The Rise of Millennials and Their Potential Support for Labor Unions

 
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Millennials are an ever-growing portion of the workforce, and they generally have favorable views toward labor unions.  Employers would be well-advised to be attuned to this reality and they may want to consider developing and implementing strategies aimed at heading off union organizing before it starts.

According to a Pew Research Center analysis earlier this year, Millennials now make up more than 35% of the U.S. labor force, making them the largest generation currently in the workforce.  Their numbers are continuing to grow, and it’s estimated that they will make up 75% of the labor force by 2025.

At the same time, according to an analysis by the Economic Policy Institute, the number of union members in the U.S. grew by 262,000 in 2017, and 76% of that increase was comprised of workers under age 35.  Many believe that one reason younger workers are joining labor unions is because they are concerned about workforce trends that are increasing work insecurity, including the rise of automation and companies’ increased use of independent contractors.  

Millennials are also generally known to have favorable views toward labor unions.  A 2017 report published by the Pew Research Center showed that adults younger than age 30 view unions more favorably than corporations.  According to that report, 75% of adults aged 18 to 29 said they have a favorable opinion of unions, while only 55% said they have a favorable view toward corporations.  And in late summer of this year, the National Opinion Research Center at the University of Chicago found that 48% of all nonunionized workers would join a union if given the opportunity to do so. 

Millennials have also demonstrated an interest in social activism.  Many younger workers perceive unionization as potentially combating those aspects of jobs that they view as suboptimal, including perceived racial and gender discrimination and a lack of advancement opportunities.  Union organizers are increasingly recognizing that younger workers place a lot of importance on equitable treatment, upward mobility, fair wages, and work/life balance.  Unions are also using new and often informal methods to recruit employees, including social media and text messaging, effectively “speaking the language” of Millennials.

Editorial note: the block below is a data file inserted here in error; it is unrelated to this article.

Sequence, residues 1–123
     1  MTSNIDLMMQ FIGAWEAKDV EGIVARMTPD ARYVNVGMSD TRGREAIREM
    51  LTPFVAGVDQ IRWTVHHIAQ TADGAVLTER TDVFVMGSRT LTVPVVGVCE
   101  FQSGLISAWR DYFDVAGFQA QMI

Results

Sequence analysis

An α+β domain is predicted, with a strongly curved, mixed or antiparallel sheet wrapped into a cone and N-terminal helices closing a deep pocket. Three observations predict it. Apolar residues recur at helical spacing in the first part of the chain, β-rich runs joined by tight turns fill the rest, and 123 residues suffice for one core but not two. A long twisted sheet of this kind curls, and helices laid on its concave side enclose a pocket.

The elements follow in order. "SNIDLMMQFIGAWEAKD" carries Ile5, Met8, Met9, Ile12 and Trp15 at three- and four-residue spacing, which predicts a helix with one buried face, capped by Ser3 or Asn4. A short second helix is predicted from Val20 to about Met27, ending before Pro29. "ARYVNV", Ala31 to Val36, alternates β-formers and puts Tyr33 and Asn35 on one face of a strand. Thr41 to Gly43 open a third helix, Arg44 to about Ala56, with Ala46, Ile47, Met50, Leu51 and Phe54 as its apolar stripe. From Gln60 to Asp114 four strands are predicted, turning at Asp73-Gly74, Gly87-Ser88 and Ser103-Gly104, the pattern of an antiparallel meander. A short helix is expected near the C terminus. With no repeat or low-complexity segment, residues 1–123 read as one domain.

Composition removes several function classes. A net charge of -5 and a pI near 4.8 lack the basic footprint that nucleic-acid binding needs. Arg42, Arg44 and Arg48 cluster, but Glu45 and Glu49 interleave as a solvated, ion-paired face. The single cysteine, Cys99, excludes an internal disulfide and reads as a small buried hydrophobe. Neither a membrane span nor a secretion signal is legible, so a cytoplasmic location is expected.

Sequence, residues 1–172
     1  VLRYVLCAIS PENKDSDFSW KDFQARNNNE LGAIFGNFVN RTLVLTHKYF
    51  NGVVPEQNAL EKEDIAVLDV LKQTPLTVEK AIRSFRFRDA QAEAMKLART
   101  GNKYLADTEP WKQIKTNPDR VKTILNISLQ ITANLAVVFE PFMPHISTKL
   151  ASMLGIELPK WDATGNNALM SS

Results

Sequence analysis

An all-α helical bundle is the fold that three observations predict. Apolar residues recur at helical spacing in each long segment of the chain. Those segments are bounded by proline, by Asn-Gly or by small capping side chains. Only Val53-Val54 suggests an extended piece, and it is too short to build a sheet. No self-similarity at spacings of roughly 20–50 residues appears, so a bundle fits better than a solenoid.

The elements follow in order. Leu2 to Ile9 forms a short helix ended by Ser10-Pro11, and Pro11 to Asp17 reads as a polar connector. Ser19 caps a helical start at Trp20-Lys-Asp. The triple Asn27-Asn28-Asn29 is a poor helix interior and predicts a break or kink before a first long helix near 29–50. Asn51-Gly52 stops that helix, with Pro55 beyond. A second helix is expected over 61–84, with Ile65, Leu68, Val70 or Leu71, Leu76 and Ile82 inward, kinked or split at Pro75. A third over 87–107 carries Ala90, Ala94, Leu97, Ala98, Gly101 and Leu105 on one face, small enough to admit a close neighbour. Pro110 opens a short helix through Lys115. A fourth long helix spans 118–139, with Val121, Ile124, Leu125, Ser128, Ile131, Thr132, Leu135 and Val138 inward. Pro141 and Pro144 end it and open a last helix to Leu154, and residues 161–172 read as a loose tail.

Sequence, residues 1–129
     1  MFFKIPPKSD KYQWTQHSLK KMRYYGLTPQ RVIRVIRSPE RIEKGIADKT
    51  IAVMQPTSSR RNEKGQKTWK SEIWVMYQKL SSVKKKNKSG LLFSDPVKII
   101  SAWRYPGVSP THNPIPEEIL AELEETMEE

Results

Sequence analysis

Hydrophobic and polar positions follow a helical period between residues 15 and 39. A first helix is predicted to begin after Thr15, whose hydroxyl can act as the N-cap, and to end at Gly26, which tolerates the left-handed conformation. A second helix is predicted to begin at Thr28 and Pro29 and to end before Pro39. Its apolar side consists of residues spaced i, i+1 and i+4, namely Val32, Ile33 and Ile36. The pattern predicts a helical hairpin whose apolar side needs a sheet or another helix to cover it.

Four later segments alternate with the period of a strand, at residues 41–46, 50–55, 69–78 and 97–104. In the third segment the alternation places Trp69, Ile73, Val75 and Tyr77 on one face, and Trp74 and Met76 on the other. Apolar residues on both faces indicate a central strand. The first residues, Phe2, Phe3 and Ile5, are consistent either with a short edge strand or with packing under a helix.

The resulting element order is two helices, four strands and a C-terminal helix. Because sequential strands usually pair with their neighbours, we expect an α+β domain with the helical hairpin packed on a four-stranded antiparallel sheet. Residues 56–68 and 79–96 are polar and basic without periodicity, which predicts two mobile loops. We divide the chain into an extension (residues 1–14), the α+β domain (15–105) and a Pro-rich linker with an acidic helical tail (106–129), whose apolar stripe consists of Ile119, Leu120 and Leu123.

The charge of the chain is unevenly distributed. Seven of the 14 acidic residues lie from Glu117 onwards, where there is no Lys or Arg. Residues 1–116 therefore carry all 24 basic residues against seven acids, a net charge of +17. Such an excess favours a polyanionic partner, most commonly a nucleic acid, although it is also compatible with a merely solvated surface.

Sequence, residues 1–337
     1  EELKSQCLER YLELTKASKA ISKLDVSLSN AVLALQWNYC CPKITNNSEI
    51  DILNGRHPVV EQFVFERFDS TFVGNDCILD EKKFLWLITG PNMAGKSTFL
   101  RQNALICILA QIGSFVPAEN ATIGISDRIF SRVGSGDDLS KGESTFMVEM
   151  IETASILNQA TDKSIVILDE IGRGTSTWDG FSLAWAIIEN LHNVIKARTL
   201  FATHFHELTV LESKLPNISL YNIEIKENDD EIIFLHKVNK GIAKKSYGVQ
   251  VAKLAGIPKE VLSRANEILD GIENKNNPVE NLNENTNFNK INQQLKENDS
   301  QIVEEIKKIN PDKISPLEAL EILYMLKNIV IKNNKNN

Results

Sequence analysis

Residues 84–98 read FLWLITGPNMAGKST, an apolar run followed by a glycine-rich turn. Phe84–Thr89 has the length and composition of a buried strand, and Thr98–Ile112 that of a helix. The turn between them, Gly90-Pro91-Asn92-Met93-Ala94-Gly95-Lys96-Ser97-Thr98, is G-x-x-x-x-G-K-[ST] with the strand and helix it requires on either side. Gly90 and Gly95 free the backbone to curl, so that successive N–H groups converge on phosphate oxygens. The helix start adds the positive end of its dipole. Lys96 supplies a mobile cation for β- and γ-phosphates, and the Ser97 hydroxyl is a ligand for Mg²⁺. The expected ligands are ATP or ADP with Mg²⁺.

Indeed, the last few years have seen union organizing in industries that traditionally haven’t been unionized, including digital media, nonprofits, and coffee shops.  It almost goes without saying that employees in these industries are often predominantly comprised of Millennials.  

And the recent walkout by thousands of non-unionized Google employees at offices around the world was the first protest of its kind by well-compensated tech employees, many of whom are Millennials.  The stated demands of the brief walkout, which were posted on an Instagram page, included an end to forced arbitration in cases of harassment and discrimination, a commitment to “end pay and opportunity inequity,” to “promote the chief diversity officer to answer directly to the CEO,” and to have a “clear, uniform, globally inclusive process for reporting sexual misconduct safely and anonymously.”

Although demands such as these fall outside the scope of what the National Labor Relations Board considers to be mandatory subjects of bargaining between employers and labor unions, they shed light on some of the concerns held by the modern workforce.  On this point, in a recent national survey conducted by MIT, a majority of workers said they don’t have as much of a voice as they believe they should on issues ranging from compensation and benefits to protection against harassment.  These sorts of sentiments can provide fertile feeding ground for union organizers.

Even though many employers recognize some of the negative aspects that can come along with union representation, many employees (including managers and supervisors) might not.  For example, union representation can and often does result in a loss of flexibility in addressing employee issues, and it also results in the insertion of an outside third party between management and employees, which can create a counterproductive “us versus them” attitude.

Employers would therefore be well-advised to train their managers and supervisors on these topics, and also to be on the lookout for union organizing activity among their employees.  Employers should also consider providing positive employee relations training for their managers and supervisors, which could head off union organizing activity before it starts. 

 
Cassie Peterson